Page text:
Opened: This building in Chinatown dates from 1962. It got a remodel in 1964, perhaps that was the addition for the theatre. In 1969 it was called Cinema East.  In the 70s and 80s it was active as a home for films from Hong Kong, especially Golden Harvest product. The theatre was also known as the  Gum (Kim) Go Theatre and the Royal Pagoda Theatre.

The top photo is a Google Maps view from 2014. Click on it to enlarge or head to the current interactive version. The theatre entrance is on the right, up Cottage Home St.  The lower view (also a 2014 Google shot) looks south toward N. Broadway and gives us a look at the entrance and a bit of the auditorium's side wall. Click on it for a larger view.

Status: The building is now used for a garment manufacturing operation. The closure as a theatre was sometime prior to 2007.

More Information: See the Cinema Treasures page on the Cinemaland.

    Gary Graver   

Gary Graver (1938-2006) took many photos of  historic
theatres. More can be seen on YouTube in "Second Run - part 1"
and "Second Run - part 2." Thanks to Sean Graver for the photo.

A look at the Cinemaland entrance in the 80s.
 full size view

Daly Theatre

2604 N. Broadway

( @ Daly St. )
| map

Lincoln Heights (Los Angeles), CA   90031

Opened: 1911. It's in the 1912 through 1918 city directories as the Broadway Theatre. In a 1915 L.A. Times ad it was advertised as the North Broadway Theatre. In the 1921, 22, 23 & 1929 directories it's listed as the Lincoln Theatre

It's in the 1938 directory as the Daly Theatre and drops out of ads after 1947. The photo is a 2012 Google Maps view looking east on N. Broadway. Click on it to enlarge or head to Google for the interactive version.  Down the street a bit, the tall beige building in the center of the photo is the Starland Theatre at 2624 N. Broadway.

A Mr. Borgmeir. The magazine Nickelodeon in December, 1910 notes that "Architect Borgmeir has drawn plans for a moving picture building at North Broadway and Daly Street. The building, which will cost $10,000, has been leased to Gore and Stearns."  The photo is a rear view of the building from Google in 2012 looking south on Daly St. toward N. Broadway.  Click on it for a larger view.

Status: There's now a 99 cent store in the remodeled building. One report on Cinema Treasures notes you can still see part of the balcony inside the store. But Joe Vogel says the theatre is actually gone, based on data from the Los Angeles City Planning Department which lists a construction date of 1968. Perhaps just a major remodel.

More Information: See the Cinema Treasures page on the Daly Theatre for data that Ken McIntyre and Joe Vogel have found in their researches. Thanks, gentlemen.

Division Theatre

2922 Division St. @ Ave. 30
  | map

Glassell Park (Los Angeles), CA   90065

Opened: Sometime around 1926. It's not in the 1926 city directory but does appear in the 1927 and 1929 editions. It doesn't seem to have been a success as it's not listed in the 1932 directory.  The building dates from 1925.

Status: It's now retail.  The photo is a 2012 Google Maps view. Click on it to enlarge or head to the latest interactive version.

Eagle Theatre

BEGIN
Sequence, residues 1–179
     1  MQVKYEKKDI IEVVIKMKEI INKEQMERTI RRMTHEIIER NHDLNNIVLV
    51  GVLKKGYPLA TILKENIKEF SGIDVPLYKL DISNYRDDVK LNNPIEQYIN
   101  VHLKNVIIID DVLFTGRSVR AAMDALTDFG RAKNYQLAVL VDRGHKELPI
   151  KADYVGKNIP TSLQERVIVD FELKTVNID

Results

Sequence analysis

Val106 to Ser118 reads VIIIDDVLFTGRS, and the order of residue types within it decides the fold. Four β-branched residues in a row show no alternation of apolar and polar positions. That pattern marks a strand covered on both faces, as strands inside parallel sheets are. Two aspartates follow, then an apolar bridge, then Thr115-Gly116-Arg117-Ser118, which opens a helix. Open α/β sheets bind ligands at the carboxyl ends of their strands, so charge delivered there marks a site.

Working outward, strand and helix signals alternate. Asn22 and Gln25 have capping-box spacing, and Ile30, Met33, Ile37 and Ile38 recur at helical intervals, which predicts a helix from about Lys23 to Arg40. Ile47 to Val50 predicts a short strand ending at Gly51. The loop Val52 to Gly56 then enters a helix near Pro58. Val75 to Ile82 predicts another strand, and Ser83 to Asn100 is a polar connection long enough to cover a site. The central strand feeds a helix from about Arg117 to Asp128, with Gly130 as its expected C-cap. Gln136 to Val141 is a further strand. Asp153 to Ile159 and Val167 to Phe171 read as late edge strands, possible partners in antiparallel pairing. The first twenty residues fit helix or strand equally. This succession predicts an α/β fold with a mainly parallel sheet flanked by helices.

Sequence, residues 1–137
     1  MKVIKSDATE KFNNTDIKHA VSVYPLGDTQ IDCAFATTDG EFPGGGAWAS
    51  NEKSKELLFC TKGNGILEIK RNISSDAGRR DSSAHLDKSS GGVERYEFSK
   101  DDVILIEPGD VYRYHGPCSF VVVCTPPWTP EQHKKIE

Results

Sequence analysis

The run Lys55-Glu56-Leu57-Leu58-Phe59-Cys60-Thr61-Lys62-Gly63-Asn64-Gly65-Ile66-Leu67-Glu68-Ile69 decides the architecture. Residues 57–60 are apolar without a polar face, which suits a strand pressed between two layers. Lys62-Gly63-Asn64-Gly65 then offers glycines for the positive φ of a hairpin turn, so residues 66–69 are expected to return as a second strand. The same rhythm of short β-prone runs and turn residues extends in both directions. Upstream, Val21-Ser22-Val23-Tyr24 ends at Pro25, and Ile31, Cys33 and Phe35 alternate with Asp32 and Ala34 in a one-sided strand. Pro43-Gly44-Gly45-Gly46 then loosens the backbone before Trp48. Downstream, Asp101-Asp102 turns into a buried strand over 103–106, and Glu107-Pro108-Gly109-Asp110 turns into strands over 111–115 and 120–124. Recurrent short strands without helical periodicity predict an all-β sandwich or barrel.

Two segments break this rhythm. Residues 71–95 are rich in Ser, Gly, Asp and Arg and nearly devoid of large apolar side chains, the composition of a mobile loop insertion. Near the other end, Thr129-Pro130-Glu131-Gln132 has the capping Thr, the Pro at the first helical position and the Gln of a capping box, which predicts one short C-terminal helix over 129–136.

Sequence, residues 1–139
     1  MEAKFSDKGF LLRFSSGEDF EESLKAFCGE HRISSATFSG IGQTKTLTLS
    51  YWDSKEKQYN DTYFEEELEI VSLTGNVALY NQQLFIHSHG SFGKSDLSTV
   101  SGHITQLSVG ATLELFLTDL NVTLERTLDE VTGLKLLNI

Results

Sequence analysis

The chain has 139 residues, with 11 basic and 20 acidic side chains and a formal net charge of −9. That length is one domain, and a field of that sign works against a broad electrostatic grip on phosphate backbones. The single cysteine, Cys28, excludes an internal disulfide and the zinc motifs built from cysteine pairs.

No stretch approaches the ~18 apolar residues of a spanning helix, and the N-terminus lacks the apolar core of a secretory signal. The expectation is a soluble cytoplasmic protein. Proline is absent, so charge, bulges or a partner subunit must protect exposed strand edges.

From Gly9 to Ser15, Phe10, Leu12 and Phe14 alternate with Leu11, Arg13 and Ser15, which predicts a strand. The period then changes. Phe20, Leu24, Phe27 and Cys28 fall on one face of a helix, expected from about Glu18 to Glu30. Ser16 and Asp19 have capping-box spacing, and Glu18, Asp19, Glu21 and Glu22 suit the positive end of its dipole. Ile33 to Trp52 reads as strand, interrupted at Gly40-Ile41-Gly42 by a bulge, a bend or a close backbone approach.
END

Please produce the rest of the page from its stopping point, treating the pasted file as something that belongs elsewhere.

4884 Eagle Rock Blvd. (at Yosemite Dr.)    | map | 

Eagle Rock (Los Angeles), CA  90041  

Opened: May 10, 1929 as the Yosemite Theatre with two days of vaudeville shows. On May 12 the owners of the independent operation, J.T. Young and H.E. Allen, started running talkies.  The operation was soon acquired by John Sugar's Vox Theatres.

In 1937, after a remodeling (and a change of ownership to Venicoff Theatres) it was called the New Eagle Theatre. By 1940 it was just the Eagle Theatre. See the listing for the nearby Sierra Theatre which at one point was also called the Eagle.

From 1976 until 1979 it was run by Walnut Properties, operators of the Pussycat chain. It got a marquee and interior upgrade but as a Pussycat it ran into problems with raids and community opposition. Programing flipped back and forth between family and porno fare. As did signage between Eagle and Pussycat. In 1983 it got another remodel and re-emerged as the Eagle, an independent film theatre.

Architect: Kenneth A. Gordon (of the firm J.H. Woodworth and Son) designed the Mediterranean style building. The seating area was said to appear as if you were in a patio surrounded by gardens. It had a blue sky dome and murals depicting the California countryside behind grilles along the side walls.

Seating: 900 originally, later down to 800.

Status:  It closed as a  film theatre in 2000. It had occasional art and live performance events afterward. It's now a church.

More Information: See the Cinema Treasures page on the Eagle for lots of fine research by Ken Roe and other contributors. Cinema Tour has a small photo of the theatre of the Eagle as a live venue on their California page 12.

    American Classic Images

A 1983 look at the Eagle in the
American Classic Images collection.
full size view | on Photos of Los Angeles

    Cezar Del Valle - Theatre Talks

A 2002 photo of the then closed theatre by Betty
Sword from Cezar Del Valle's Theatre Talks collection.
 full size view | on FB/LATheatres

The photo above also appears
 uncredited on Photos of Los Angeles.


A 1929 photo from the Eagle Rock Advertiser showing
the banner for the grand opening. It was vaudeville May 10
and 11 and then talking pictures May 12. The Occidental